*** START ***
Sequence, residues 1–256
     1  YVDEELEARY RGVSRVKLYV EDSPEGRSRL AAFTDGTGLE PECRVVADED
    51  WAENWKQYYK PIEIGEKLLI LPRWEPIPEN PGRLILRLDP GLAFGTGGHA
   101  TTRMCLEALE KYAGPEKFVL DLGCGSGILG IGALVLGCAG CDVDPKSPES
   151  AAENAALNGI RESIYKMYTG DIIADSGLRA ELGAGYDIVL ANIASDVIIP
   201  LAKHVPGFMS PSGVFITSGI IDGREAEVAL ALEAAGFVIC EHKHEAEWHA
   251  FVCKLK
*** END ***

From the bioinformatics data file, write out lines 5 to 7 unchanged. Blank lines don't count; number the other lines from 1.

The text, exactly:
   151  AAENAALNGI RESIYKMYTG DIIADSGLRA ELGAGYDIVL ANIASDVIIP
   201  LAKHVPGFMS PSGVFITSGI IDGREAEVAL ALEAAGFVIC EHKHEAEWHA
   251  FVCKLK